Must See Places in Ireland: Newgrange and Knowth
We came to live in Ireland over five years ago, reinventing our life completely by moving from the United States to Ireland. We delight in the historic views of Ireland, but none more so than Newgrange and Knowth. These two megalithic tombs predate the stones at Stonehenge by 2000 years, making them one of the oldest sites opened to the public in the world. While not exactly a day trip out of Kinsale, as are most of the "must see places in Ireland" which we write about in these articles, most of our visitors to the Kinsale apartment traveled to Dublin. We highly recommend that anyone near the Dublin area take an extra day to see Newgrange and Knowth as they rate highest on our list of places to go in Ireland and everyone should see them when traveling in Ireland
A relatively easy drive from Dublin if driving on the M1 motorway. North and then the second exit after the toll. The signs will say Donore and Bru na Boinne (which is also the name of the visitor center where you will leave for the tombs). Go to the village of Donore and follow the signs for Newgrange, the visitor center is 2 km past the village on the right-hand side. You park in the car park and then go into the visitor center itself, where you will be able to get tickets according to the times the buses are leaving. No one is allowed directly to the sites, and we have found this a particularly well-run way to preserve both the ancient sites and the sanity of their neighbors. Bus Eireann also operate a bus service between the visitor center and Drogheda, which allows you to catch other buses into Dublin city center.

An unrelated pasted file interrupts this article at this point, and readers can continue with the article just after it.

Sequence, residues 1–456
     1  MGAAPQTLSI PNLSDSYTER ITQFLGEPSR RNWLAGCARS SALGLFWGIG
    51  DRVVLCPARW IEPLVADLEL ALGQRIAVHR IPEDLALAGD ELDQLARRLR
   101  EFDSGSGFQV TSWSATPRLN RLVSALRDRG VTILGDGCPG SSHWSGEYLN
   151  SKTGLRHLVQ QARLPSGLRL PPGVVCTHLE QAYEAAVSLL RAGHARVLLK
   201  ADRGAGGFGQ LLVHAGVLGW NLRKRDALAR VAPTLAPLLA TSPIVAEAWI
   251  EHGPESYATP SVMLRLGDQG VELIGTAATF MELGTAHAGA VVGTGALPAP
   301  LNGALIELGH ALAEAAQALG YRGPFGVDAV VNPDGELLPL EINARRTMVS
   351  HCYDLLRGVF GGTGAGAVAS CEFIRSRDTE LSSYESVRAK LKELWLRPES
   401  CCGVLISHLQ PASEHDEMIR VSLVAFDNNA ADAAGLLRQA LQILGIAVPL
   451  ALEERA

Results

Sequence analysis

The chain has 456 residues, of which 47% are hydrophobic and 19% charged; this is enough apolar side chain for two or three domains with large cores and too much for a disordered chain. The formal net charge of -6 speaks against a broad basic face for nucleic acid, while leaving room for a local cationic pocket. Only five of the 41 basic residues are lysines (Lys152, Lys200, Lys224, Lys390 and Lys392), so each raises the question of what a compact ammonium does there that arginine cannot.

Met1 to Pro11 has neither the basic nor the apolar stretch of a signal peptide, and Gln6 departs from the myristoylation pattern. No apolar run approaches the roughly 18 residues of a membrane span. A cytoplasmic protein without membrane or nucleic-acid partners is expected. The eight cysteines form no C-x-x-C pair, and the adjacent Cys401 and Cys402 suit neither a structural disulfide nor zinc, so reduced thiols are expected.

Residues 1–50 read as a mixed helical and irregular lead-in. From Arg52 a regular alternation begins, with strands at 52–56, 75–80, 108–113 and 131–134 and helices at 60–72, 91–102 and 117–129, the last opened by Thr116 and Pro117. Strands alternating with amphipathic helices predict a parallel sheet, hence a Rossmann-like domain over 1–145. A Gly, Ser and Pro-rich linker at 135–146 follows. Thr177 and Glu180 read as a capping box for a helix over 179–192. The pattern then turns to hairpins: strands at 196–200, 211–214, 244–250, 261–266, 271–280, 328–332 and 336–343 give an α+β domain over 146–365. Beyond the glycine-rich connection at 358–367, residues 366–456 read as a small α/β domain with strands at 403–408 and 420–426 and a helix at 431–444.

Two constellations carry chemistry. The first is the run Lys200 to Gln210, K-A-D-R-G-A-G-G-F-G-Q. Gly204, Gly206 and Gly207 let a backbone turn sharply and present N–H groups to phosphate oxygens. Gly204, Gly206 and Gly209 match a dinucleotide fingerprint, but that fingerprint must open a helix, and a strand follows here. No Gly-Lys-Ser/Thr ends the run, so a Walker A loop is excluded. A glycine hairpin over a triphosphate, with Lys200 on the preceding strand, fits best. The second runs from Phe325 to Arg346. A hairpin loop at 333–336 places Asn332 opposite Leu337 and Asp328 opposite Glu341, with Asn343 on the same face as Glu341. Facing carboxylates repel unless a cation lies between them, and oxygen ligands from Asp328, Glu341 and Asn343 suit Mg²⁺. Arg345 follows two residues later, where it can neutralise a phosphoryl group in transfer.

Built 5000 years ago, circa 3102- 2900 BC, Newgrange is a megalithic passage tomb whose inside roof has never fallen in the 5000 years of its history. The outside has been reconstructed to the best guess of archaeologists, determining what they thought it looked like from the remains of the rocks found at the site prior to the reconstruction. The passage and chamber are illuminated by the sun rise at winter solstice, and every year there is a lottery for visitors who would be able to come back to see the once a year event. 100 places are awarded, but people would have to have a high tolerance for claustrophobia as the interior of the tomb is very small.
Knowth is in many ways more spectacular because of the carvings on so many of the exterior stones and the ability to go up on top of the tomb and imagine what it was like when people lived there. Probably constructed about the same time as Newgrange, Knowth has two passages with entrances on opposite sides. Also a world heritage site, when seen together the two tombs leave visitors with an understanding that the "primitive" world was not so primitive. For anyone born and raised in the United States, as we were, it is a rare treat to stand in the place where the graffiti on the wall is older than almost anything you ever saw in your own country. Slainte'